Exclusive: Russia Won't Risk 'Suicidal' NATO War in Black Sea—Ukraine Foreign Minister

Ukraine's foreign minister has urged NATO not to allow Russia to extend its influence in the Black Sea, amid tensions that Kremlin critics say are a symptom of Moscow's plan to establish de facto control of the wider region.

Dmytro Kuleba told Newsweek that discussions about the Black Sea were central to Kyiv's expanding cooperation with NATO, a bloc Ukraine has been pushing to join since its 2014 revolution ousted a pro-Russian government.

Recent weeks have seen tense confrontations between NATO warships and Russian forces in the Black Sea. First, Russian jets reportedly fired warning shots close to British destroyer HMS Defender sailing close to Crimea—the peninsula annexed by Russia from Ukraine in 2014. British defense officials, however, denied that HMS Defender came under fire.

This week, Dutch frigate HNLMS Evertsen was shadowed by Russian jets in the Black Sea, also while sailing close to the peninsula. Dutch officials complained that the jets conducted "mock attacks" on the vessel.

Despite the confrontations, Kuleba told Newsweek in a statement that Kyiv does not expect a sudden outbreak of serious violence in the Black Sea.

"I do believe Russia is ready to escalate some local tensions in the Black Sea region, but I do not see them being suicidal," Kuleba said. "They may pinch and provoke here and there. But Russia will not risk a full-scale confrontation with NATO, clearly realizing they have no chances to succeed in it."

Newsweek has contacted the Russian embassy in Washington, D.C. to request comment on the recent tensions in the Black Sea.

Observers have long warned of the dangers of accidental escalation in the Black Sea, which is a vital conduit for Russian oil and gas trade, and Moscow's military power projection into the Mediterranean and around European coasts.

Confrontations between Russian and NATO forces are common in the area, at sea and in the air. Both sides also hold regular military drills in the Black Sea; this week marks the beginning of the multi-nation Sea Breeze naval exercises, which will run until July 10.

The Black Sea also serves as another front in the continuing Russia-Ukraine conflict. Moscow has been accused of trying to choke Ukrainian trade and freedom of navigation in the area—another means of undermining the anti-Kremlin government in Kyiv, which is fighting Russian-backed forces in eastern Ukraine.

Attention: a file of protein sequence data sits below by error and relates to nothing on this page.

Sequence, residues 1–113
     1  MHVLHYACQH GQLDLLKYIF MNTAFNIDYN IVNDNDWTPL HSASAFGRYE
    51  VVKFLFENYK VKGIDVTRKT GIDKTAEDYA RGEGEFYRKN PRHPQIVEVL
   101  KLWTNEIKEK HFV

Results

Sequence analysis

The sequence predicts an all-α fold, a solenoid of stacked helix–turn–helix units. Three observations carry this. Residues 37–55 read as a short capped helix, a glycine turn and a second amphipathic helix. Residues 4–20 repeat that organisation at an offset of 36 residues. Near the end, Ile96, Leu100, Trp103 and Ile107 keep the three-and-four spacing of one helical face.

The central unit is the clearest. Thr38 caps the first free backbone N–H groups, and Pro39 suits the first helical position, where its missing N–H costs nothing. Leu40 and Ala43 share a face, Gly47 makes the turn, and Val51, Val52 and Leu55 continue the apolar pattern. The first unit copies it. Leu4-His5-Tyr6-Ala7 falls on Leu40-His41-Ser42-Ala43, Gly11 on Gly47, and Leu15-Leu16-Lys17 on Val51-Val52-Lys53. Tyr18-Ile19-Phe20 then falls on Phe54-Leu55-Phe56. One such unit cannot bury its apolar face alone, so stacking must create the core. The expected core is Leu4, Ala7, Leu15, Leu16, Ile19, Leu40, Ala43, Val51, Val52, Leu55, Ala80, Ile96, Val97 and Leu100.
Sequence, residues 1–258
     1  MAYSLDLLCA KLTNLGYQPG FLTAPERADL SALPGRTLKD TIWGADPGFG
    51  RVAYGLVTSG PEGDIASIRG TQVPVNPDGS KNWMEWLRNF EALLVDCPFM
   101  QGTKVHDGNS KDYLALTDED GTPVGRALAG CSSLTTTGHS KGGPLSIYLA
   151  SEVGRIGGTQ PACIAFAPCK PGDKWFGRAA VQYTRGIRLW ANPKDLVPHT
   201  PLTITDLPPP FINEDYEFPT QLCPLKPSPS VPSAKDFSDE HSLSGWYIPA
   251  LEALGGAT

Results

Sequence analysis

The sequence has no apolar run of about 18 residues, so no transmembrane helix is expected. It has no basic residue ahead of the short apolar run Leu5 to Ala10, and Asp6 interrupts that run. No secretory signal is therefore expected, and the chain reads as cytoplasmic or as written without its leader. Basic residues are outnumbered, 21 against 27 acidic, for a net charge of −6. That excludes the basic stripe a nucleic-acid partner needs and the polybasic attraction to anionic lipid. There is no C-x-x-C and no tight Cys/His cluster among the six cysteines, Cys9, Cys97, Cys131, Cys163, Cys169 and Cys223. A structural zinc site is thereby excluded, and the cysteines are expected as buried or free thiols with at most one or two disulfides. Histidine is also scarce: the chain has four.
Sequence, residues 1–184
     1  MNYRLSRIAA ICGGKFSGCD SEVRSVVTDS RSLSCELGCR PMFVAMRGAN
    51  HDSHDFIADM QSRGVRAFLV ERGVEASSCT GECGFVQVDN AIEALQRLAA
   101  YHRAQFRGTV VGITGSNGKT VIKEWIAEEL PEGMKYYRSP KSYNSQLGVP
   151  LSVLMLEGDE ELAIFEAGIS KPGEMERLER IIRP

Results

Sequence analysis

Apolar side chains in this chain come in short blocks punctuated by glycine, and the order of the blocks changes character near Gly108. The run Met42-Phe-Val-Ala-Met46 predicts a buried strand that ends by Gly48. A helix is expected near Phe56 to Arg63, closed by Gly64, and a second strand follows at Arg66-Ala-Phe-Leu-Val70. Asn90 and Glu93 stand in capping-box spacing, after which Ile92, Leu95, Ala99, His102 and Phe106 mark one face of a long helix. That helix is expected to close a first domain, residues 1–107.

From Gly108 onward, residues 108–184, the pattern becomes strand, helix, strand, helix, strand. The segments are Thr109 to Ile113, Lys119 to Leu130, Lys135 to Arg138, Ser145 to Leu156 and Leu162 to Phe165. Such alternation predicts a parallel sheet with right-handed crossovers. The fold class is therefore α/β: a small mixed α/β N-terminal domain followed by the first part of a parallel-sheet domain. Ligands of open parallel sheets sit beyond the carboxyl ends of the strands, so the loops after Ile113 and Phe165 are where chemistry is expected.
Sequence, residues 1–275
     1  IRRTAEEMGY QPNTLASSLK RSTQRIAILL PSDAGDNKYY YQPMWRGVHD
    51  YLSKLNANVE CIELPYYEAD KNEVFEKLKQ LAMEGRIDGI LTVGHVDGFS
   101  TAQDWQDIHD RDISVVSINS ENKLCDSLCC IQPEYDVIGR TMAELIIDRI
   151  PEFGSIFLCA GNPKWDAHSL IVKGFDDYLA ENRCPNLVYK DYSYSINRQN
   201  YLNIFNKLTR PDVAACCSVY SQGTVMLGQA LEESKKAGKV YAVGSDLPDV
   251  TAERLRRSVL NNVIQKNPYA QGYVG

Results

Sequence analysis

"In our conversations with NATO we are very frank on this: if things continue as they are, there is a risk that Russia may significantly increase its control over the Black Sea and further expand its influence in the region," Kuleba told Newsweek.

"Which means elevated threats for the security and stability of Ukraine and NATO allies there."

"What is also worrying is Moscow's attempts to disrupt trade routes and limit the freedom of navigation."

Russia's violent intervention in Ukraine in 2014 supercharged the country's westward drift. Kyiv now counts the U.S., European Union and NATO among its most important allies in its struggle against the Kremlin. Ukraine is also on track to join the alliance, and NATO members reiterated their support for the process at their June summit in Brussels.

Russia has long been staunchly opposed to Ukrainian NATO membership and has warned that such a step would further destabilize the regional situation.

Kuleba said the Black Sea featured heavily in his discussions with NATO members. "I am raising this topic in all of my meetings with both the NATO allies of the Black Sea region, Romania, Turkey and Bulgaria, and in the NATO headquarters in Brussels," he explained.

"Gradually, I see them hearing Ukraine when we ring alarm bells. Many things were done too little too late in 2014, and I hope now we don't repeat those mistakes, acting differently with the full understanding of Russia's intentions."

President Vladimir Putin this week blamed NATO for the situation in the Black Sea, adding that Moscow retained its military edge in the region. "They know they cannot win this conflict: we would be fighting for our own territory; we didn't travel thousands of miles to get to their borders, they did," Putin said of his NATO adversaries.

"Russia does have a strategically advantageous position in the temporarily occupied Crimea now," Kuleba acknowledged.

"Therefore, it is very important for us that the Black Sea does not repeat the fate of the Azov Sea region," he added, referring to the body of water between Crimea and Russia that has increasingly fallen under Moscow's control since it annexed the peninsula.

"We need to enhance cooperation between the Ukrainian navy and navies of the NATO allies in the Black Sea," Kuleba said.

"I am confident that nothing can interfere with the Sea Breeze training," the foreign minister added. "What Russia tries to do now is play a muscle game showing that no matter how much others train, it's only them who is ready to act in the region."

Dmytro Kuleba pictured at Portugal press conference
Ukrainian Foreign Minister Dmytro Kuleba, at a press conference in the Palácio das Necessidades on September 9, 2020, in Lisbon, Portugal. NATO allies are taking notice when Kyiv rings alarm bells, he told Newsweek. Horacio Villalobos Corbis/Corbis via Getty Images